Amberson Marten, Kt., C.J.
1. This is a most unhappy example of the possibilities of litigation in India. The suit began seventeen years ago in 1911, and we are yet at an appeal from a preliminary decree. The suit was one for the administration and division of the estate of one Dhanjibhai who died in 1901, The parties are all Parsis. The voluminous pedigree shown in paragraph 2 of the plaint exemplifies that the parties alleged to be interested are very numerous. Defendant No. 1 contends that even that list is not enough, and that there ought to be ten or eleven parties added, and he has accordingly set up a rival pedigree. Naturally with such a large number of parties the litigation is delayed, But apart from that the parties spent the first two years of litigation in raising technical points as to parties and so on, and in that way they succeeded in litigating for many years without the slightest practical result.
2. The real contest in the case is as to the position of defendant No. 1. If the plaintiff's pedigree be looked at he will be found as the son of Pestonji, a brother of the deoeased Dhanjibhiai. Accordingly as a co-heir he would in any event claim some share. But his real claim is in effect adverse to the estate, He claimed to bs the adopted eon of Dhanjibhai and to have acquired by adverse possession or otherwise the whole of the property either before the death of Dhanjibhai or at any rate by the date of the suit in 1911. Consequently, in this administration suit, there is, so to speak, a double action going on, viz., one, as between the beneficiaries of Dhanjibhai including defendant No. 1, and another between Dhanjibhai's estate and defendant No. 1, who is claiming adversely. If only Dhanjibhai had left a will, the difficulties would have been solved, and defendant No. 1 would at once have been put to his election either to claim under the will or against it But for the moment it seems to me that he cannot be put to his election. At any rate, that point has not so far been raised in the case.
3. Now I come to a most curious circumstance, and it is this that though defendant No. 1 put forward his plea of adverse possession under two branches, namely, (1) at Dhanjibhai's death, and (2) at the date of the suit, yet the lower Court only decided against him on the first branch, and did not hear the second branch notwithstanding that defendant No. 1 put in a formal purshis asking for that issue to be determined. As regards the first branch the issue was in a wide form. Defendant No. 1 does not now contend that at Dhanjibhai's death in 1901, he defendant No. 1 had acquired a prescriptive right. That claim is now specifically abandoned at the bar.
4. But what defendant No. 1 does claim before us is that he had a right by adverse possession at the date of the suit in 1911, For that purpose he relies on Articles 142 and 144 of the Indian Limitation Act..Further, he contends that in order to take advantage of the requisite period, namely, twelve years, he will contend that his adverse possession began prior to the date of Dhanjibhai's death although it did not crystallize into an absolute right at his death, For the respondents it is frankly and fairly conceded that the learned Judge has left this point open. That being so, we are forced to take steps to see that the point is properly adjudicated on. This involves, I think, a special inquiry.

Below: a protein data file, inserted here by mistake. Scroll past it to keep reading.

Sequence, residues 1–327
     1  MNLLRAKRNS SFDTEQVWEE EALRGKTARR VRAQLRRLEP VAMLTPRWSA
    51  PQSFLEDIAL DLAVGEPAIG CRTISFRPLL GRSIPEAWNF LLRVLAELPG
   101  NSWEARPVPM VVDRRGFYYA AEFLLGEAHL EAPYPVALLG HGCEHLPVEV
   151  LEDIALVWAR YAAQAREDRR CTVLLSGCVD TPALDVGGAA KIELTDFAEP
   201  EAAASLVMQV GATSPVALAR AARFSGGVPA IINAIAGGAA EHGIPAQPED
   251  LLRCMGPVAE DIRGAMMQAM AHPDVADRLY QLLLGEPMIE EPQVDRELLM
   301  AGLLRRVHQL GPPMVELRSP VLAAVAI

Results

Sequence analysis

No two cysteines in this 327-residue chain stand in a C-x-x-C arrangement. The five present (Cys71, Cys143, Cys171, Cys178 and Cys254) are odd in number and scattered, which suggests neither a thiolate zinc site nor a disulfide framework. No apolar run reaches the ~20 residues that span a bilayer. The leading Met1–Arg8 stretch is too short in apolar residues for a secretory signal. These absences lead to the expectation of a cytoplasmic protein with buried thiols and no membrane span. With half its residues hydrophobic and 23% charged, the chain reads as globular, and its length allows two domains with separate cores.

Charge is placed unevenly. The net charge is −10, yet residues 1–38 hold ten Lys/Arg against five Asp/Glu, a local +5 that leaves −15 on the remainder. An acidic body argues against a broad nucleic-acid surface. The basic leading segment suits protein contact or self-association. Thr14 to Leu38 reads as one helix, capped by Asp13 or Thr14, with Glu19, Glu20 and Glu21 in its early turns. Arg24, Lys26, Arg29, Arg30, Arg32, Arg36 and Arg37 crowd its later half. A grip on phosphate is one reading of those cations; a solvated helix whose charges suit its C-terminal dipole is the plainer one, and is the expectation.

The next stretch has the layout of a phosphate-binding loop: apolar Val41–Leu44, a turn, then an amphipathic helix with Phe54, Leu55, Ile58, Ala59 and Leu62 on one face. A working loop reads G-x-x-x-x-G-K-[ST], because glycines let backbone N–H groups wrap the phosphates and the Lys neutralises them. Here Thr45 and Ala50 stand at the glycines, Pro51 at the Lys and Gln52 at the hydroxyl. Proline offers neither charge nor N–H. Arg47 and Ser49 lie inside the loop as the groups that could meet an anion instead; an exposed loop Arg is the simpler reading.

5. This brings me to the next important part of the case, namely, the order the Judge actually made, I say this, because although the memorandum of appeal raises some thirty-one objections to the preliminary decree, counsel for the appellant has not pressed a large number of them as they are really unarguable. I accordingly appreciate counsel's statement that although the lower Court found in his favour that in the Baroda State where the parties were domiciled, the custom of adoption did prevail among the Pareis, yet it also held that this custom would not prevail in British India as regards immovable property situate there. It is elementary international law that the law which governs the land of a particular nation is the law of that nation. Consequently, land in British India is governed by the law of British India as the lex loci and not by the law of the domicile of the temporary owner. It follows, therefore, that, having egard to the law of British India and the statutory provisions which govern succession amongst Parsis, it is abundantly clear that there is no room in the law of British India for such a custom amongst the Parsis as is now put forward, Accordingly, the bulk of the points taken in appeal by the appellant must fail. Kaikhdshku But as regards the order which the learned Judge made, two C.J. mistakes have been pointed out. For some reason, which I do not altogether understand, the learned Judge, notwithstanding his experience, has apparently classed the receiver with the Commissioner, Further, he has overlooked the fact that there is no jurisdiction to delegate to any Commissioner certain matters like an inquiry as to heirs, because there is no power in that respect in the Code. His order directed certain inquiries to be made and certain accounts taken, and it proceeded :-
It is further ordered that Mr. Gulabbhai Mr. Deasi be and is hereby appointed receiver in the suit for the purpose of the above inquiries who shall take all the necessary step in the said behalf, and certify the result to this Court on or before January 15, 1926.